In the waves of hype around Advanced analytics, we may sometimes lose the focus on the fact that there will always be some form of basic analytics that forms the foundation for Advanced analytics.
Consider Transportation as an example. If you need to leverage Advanced analytics methods like Linear programming or Predictive models, a key input factor is unit costs, which are an output /result of an extensive cost analysis process. Considering that both functional Logistics managers as well as Analytics professionals need a solid grounding in analyzing Transportation costs, I decided to create a brief overview of how to perform a Transportation cost analysis, leveraging my experience working on several such analysis in the past.
Major Steps in the Analysis
The steps below, in my perspective, are the major steps in a comprehensive Transportation cost analysis:
Step 1: Identify and document the drivers for Fixed and Variable cost
In subsequent sections, I will use example of analyzing transportation cost in a logistics system.
- Step 1: Identify and document the drivers for Fixed and Variable cost
- Step 2: Drill the variables further to identify factors that will impact them
- Step 3: Define relevant fixed and variable costs
- Step 4: Calculate the relevant fixed and variable costs
- Step 5: Assess unit costs and total costs
- Step 6: Analyze Decisions
In this very first step, you need to determine what resources are involved in carrying out the logistics function you are assesing- which in this case is Transportation.
You first start at a high level. Then for each high level driver, you can drill down further.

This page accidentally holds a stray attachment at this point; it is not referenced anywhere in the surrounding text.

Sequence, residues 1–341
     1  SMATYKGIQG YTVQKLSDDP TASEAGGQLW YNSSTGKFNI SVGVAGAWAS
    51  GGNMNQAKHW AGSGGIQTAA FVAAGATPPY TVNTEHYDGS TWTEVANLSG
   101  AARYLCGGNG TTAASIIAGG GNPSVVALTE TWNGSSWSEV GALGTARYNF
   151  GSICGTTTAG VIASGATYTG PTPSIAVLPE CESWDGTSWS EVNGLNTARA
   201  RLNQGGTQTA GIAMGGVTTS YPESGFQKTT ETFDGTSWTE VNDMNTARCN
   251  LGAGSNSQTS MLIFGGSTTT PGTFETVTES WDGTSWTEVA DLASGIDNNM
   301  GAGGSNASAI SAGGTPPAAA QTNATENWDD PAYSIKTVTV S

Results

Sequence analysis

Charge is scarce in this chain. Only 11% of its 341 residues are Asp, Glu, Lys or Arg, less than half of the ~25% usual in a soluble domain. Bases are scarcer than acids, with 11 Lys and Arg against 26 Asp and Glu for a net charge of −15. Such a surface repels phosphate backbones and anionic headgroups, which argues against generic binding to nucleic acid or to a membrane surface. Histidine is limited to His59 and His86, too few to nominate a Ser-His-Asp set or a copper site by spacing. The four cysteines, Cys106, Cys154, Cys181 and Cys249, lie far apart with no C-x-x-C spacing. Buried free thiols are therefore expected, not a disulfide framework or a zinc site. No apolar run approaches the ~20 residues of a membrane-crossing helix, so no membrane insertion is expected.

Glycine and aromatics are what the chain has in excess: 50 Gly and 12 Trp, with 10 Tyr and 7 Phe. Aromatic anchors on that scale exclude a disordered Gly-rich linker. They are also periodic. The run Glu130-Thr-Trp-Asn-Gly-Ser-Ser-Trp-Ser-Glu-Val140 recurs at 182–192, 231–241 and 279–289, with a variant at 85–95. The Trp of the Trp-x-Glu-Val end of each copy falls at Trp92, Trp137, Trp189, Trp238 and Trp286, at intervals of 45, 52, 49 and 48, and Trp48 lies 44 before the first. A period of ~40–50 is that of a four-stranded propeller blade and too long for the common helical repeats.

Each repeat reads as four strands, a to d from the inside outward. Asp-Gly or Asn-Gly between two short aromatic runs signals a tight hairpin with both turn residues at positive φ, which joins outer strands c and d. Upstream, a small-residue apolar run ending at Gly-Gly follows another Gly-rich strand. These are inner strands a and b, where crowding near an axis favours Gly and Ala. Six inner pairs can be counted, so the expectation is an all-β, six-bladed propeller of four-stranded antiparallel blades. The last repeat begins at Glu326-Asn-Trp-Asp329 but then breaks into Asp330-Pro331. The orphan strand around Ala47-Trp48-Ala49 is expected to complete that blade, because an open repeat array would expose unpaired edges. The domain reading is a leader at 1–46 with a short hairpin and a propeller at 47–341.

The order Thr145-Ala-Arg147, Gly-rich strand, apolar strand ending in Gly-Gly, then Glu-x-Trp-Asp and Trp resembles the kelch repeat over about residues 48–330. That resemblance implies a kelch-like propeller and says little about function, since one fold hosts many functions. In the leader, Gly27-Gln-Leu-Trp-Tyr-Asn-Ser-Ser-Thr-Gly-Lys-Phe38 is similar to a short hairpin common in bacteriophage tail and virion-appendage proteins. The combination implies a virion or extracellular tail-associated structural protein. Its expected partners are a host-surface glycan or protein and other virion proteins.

If you think about Transportation, the major cost drivers are:
- Capacity : i.e the total capacity for distribution in the system
- Distance, which obviously is the total distance to be traveled in the system
Then, as mentioned above, we will drill down into these drivers to define the variables that impact these drivers. Some examples are below :
Variables that influence Capacity cost driver
- Types of vehicles or transport mechanism and the real carrying capacity of a vehicle type (ex: cubic meters that can be loaded in each type, adjusting for percentage of vehicle volume that can be used, allowing for loading and unloading space)
- Number of vehicles
- Number of days vehicle is available for operations, AFTER allowing time for vehicle maintenance, expected breakdowns and holidays
- Number of hours drivers can operate the vehicle in a given day (like the 11 hours limit in US)
- Number of available drivers
- Percentage of time the vehicle is used for making deliveries or for distribution functions (on average); this percentage can be used to attribute the total number of available vehicle days to distribution related functions
Variables that influence distance cost driver
- Location of delivery points
- Distance to and between the points on the route network
- Frequency of trips that need to be made based on the design of the logistics system (e.g reorder frequency) and the carrying capacity of the vehicle making the delivery
- Other consideration for district/regional boundaries
- Vehicle speed
- Time required for essential logistics or delivery functions to be performed while the goods are in transit (ex: loading, unloading, inspection etc.)
Step 2: Drill the variables further to identify factors that will impact them
The major task in this step is to assess the variables defined in the previous step. This involved developing a deeper understanding of how the distribution system works and how the products move through the system. In other words, this is conducting an assessment/survey/information collection activity.
An example of the output from this process, for some of the variables identified in the previous step is shown below.
Order level or volume
- Type of product ordered/delivered
- Number of units of a product ordered/delivered
- Dimensions of packaging form if a unit of product